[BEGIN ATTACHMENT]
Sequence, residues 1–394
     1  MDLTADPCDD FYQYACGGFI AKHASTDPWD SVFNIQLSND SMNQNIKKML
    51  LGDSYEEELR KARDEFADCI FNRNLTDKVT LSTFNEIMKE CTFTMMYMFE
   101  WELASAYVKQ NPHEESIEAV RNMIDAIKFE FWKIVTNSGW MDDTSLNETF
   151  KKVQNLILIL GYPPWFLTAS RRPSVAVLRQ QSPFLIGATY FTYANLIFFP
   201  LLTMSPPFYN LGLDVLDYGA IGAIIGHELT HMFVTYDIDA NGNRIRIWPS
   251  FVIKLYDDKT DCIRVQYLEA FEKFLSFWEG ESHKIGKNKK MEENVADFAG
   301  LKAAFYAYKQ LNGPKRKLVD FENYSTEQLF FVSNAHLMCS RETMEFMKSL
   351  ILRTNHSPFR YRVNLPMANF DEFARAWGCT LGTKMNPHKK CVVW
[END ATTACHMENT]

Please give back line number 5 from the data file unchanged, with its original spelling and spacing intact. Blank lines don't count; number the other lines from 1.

   151  KKVQNLILIL GYPPWFLTAS RRPSVAVLRQ QSPFLIGATY FTYANLIFFP